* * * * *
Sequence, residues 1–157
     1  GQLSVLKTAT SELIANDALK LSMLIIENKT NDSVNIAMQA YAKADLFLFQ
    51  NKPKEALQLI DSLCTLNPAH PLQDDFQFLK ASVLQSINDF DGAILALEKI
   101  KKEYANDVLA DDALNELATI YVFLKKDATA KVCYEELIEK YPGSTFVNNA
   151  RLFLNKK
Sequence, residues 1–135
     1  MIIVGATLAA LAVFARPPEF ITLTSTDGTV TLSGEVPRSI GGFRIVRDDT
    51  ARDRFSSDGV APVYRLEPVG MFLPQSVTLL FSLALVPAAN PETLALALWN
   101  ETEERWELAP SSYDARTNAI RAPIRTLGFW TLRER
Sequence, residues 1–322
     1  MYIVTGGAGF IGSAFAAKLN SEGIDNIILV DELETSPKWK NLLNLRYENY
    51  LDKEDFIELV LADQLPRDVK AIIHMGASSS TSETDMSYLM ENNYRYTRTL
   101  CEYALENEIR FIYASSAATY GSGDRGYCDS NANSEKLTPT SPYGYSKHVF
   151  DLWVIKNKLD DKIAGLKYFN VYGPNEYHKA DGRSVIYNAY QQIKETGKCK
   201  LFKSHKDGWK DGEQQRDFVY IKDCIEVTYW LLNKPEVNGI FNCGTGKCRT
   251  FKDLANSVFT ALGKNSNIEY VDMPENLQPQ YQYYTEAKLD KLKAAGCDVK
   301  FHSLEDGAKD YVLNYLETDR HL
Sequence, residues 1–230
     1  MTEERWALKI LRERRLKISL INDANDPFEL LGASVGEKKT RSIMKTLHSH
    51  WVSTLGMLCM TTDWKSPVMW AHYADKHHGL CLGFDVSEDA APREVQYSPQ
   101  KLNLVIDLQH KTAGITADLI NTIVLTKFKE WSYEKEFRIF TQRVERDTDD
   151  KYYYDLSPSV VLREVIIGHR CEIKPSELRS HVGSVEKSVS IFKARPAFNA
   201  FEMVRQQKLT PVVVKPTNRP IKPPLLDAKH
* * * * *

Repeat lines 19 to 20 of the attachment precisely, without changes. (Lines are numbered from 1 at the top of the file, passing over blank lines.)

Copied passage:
     1  MTEERWALKI LRERRLKISL INDANDPFEL LGASVGEKKT RSIMKTLHSH
    51  WVSTLGMLCM TTDWKSPVMW AHYADKHHGL CLGFDVSEDA APREVQYSPQ